Norfolk Island is one of the most amazing places on earth, with a fascinating history, incredible plant and birdlife, stunning scenery, and one of the most relaxing and peaceful places on the planet. But if you want an active holiday there’s heaps to do.
Let me tell you a little bit about Norfolk including its unusual customs and culture, and why it’s one of my most favourite places to spend a week or so whenever I can.
Norfolk Island is an Australian territory situated in the Pacific Ocean about 1,600km north-east of Sydney and 1,000km north-west of Auckland. It covers an area of just 35 sq km and getting from the south-east to north-west corner will take you about 30 minutes in a car. Most of the island is suitable for some form of farming, but it has a rugged coastline with numerous cliffs. It does slope to gentler terrain on the south side of the island towards Slaughter Bay, Emily Bay, and the site of the original settlement at Kingston.
This means that there are no safe harbour facilities on Norfolk Island, with loading jetties at Kingston Bay and Cascade Bay. All goods not domestically produced are brought in by ship, usually to Kingston Bay. It is a very tricky operation, with whaleboats running a shuttle service with up to 5 tonnes at a time to and from the ship, which is moored some distance off the shore. For large items like cars, two boats are tied together with a platform across the top to support the car!! In times of rough weather ships can wait offshore for over a week for calm water to allow the operation.
Kingston Bay – jetty and unloading
Emily Bay, protected from the Pacific Ocean by a small coral reef, is the only safe area for recreational swimming, although surfing waves can be found at Anson and Ball Bays.
The climate is subtropical and mild, with maximum average daily temperatures ranging between 18 C in the winter and 25 C in the summer. The temperature rarely falls below 10 C, and the highest recorded maximum is 28.4 C. Most rain falls April to August but other months do receive significant precipitation.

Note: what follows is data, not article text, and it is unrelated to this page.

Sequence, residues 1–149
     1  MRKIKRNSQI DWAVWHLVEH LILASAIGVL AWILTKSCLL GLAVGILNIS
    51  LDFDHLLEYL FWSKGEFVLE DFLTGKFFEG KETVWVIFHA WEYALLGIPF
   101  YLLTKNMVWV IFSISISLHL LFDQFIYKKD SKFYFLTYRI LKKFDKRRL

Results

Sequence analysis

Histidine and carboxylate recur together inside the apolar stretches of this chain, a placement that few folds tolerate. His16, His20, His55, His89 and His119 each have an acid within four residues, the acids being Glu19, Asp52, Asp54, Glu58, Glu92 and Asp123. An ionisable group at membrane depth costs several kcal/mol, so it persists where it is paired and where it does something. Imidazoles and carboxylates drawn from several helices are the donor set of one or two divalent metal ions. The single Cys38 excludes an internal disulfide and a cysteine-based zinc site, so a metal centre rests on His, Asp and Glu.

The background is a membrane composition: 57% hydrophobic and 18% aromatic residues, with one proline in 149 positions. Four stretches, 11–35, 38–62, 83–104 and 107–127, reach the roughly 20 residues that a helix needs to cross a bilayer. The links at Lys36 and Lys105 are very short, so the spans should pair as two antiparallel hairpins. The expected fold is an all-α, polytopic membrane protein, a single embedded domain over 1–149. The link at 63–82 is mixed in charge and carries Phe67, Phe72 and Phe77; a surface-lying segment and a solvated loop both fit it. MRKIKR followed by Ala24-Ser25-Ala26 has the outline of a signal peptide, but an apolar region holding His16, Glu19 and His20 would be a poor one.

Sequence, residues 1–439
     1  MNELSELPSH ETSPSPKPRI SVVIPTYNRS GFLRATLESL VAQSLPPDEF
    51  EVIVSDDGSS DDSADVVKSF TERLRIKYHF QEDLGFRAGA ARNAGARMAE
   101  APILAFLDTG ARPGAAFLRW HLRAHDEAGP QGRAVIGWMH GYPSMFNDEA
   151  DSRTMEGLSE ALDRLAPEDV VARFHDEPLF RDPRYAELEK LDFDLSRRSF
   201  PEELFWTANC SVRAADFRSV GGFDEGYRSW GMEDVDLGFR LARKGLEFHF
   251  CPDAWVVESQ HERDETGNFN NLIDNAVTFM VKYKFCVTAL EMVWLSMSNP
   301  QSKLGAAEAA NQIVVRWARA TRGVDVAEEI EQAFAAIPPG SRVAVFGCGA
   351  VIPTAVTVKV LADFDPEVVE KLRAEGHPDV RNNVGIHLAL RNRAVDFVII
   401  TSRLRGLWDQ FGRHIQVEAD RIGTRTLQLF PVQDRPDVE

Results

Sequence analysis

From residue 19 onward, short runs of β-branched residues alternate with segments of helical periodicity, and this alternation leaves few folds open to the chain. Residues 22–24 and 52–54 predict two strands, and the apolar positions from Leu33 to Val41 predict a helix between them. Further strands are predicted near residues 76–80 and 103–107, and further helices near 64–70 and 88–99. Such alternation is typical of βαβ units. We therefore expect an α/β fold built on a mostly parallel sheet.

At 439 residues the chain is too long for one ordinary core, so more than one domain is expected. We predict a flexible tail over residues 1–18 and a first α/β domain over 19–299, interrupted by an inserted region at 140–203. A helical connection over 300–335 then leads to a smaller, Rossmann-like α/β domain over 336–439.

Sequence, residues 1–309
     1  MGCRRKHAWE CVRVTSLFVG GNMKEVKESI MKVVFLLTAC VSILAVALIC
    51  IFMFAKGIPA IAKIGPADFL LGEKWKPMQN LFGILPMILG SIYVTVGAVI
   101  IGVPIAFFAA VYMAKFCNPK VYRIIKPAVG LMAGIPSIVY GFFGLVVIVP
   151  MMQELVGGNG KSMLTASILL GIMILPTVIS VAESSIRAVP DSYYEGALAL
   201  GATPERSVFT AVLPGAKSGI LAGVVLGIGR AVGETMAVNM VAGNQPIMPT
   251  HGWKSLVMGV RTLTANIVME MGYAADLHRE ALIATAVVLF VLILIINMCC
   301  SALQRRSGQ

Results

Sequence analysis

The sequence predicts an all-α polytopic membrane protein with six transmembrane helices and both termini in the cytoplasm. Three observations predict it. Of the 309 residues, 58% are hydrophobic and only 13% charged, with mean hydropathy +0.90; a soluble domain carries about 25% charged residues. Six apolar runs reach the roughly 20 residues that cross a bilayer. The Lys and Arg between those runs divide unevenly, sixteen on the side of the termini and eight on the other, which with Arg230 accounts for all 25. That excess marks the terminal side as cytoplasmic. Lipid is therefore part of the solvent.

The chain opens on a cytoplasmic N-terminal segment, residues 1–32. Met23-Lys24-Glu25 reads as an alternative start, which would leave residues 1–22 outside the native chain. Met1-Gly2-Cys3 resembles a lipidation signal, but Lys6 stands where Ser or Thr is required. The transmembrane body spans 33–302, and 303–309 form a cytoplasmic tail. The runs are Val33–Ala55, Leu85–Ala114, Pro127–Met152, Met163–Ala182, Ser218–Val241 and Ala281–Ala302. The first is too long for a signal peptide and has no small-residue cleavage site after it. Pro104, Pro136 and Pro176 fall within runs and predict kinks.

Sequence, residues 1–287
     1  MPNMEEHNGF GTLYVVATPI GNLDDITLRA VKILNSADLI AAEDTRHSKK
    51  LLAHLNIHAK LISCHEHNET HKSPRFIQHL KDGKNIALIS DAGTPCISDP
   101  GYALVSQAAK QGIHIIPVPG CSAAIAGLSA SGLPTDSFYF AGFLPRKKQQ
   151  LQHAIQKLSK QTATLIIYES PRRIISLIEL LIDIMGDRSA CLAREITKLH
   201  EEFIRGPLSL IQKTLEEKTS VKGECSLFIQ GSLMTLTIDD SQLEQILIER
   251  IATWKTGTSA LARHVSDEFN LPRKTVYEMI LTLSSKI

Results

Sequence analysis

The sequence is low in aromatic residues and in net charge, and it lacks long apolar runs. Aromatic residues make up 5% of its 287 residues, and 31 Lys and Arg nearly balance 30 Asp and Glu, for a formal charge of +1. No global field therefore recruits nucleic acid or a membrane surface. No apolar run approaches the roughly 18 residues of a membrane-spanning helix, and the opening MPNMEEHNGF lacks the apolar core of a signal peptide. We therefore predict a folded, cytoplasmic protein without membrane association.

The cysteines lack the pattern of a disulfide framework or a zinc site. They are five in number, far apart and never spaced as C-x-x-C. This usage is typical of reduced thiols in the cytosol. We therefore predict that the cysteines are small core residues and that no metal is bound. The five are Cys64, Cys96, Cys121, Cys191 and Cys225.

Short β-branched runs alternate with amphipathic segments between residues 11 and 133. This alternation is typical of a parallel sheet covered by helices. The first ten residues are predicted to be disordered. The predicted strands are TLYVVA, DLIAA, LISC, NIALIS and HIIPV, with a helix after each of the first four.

The major settlement on Norfolk Island is Burnt Pine, where the shopping centre, post office, bottle shop, telephone exchange and community hall are located. Settlement also exists over much of the island, consisting largely of widely separated homesteads. Many of the locals grow their own fruit and vegetables, as imported foods of all kinds are quite expensive, especially perishables coming in by air.
It’s not possible for tourists to travel to Norfolk by sea, so air is the only option. Air New Zealand flights are operated from Sydney (Monday, Friday and some Sundays), Brisbane (Tuesday and Saturday) and Auckland (Sunday). The latter service ceases from 21 May, but from 17 June Norfolk Island Airlines will operate on a Saturday from Auckland and Brisbane. Return fares are normally between $500 and $600 per adult.
Norfolk Island was settled by East Polynesians who arrived some time after 1000 and stayed for several generations before disappearing. In October 1774 Captain Cook arrived, landed, and gave it the name of Norfolk after the Duchess of Norfolk.
The Convict Era
In March, 1788, the British arrived to set up a small penal colony six weeks after Britain’s First Fleet had arrived at Botany Bay to establish the penal colony of New South Wales. Hand picked from the ranks of the First Fleeters were 23 settlers: 7 freemen, 15 convicts and the commandant, Lieutenant Phillip Gidley King.
The occupation of the island was to make available masts and sails from pine and flax for the refurbishment of British ships, and to prevent the island falling into the hands the French. Ground was cultivated, crops planted and harvested. The settlement became a tiny township.
In March of 1790, the ships “Sirius” and “Supply” brought 300 more to Norfolk including two companies of Marines plus new convicts from Sydney, where dwindling supplies of food had become a serious problem. The 540-ton ” Sirius” and most of its provisions were lost on the coral reef off the south coast.
During the following few years, Norfolk Island become nothing more than a labour camp for Sydney’s most difficult officers and least-wanted felons. The island’s main purpose was to provide food for Sydney. Maize, wheat, potatoes, cabbage, timber, flax and fruit of all kinds grew well in Norfolk Island. The population peaked at more than 1,100, and about a quarter of the island was cleared.
But by 1814 the island was empty. Sydney and the expanding colony of New South Wales had no further need to import food from Norfolk, and the people who had occupied it were shipped back to New South Wales. The structures of the settlement were razed or pulled down to dissuade passing ships from reoccupying the island. The farm and domestic animals were shot.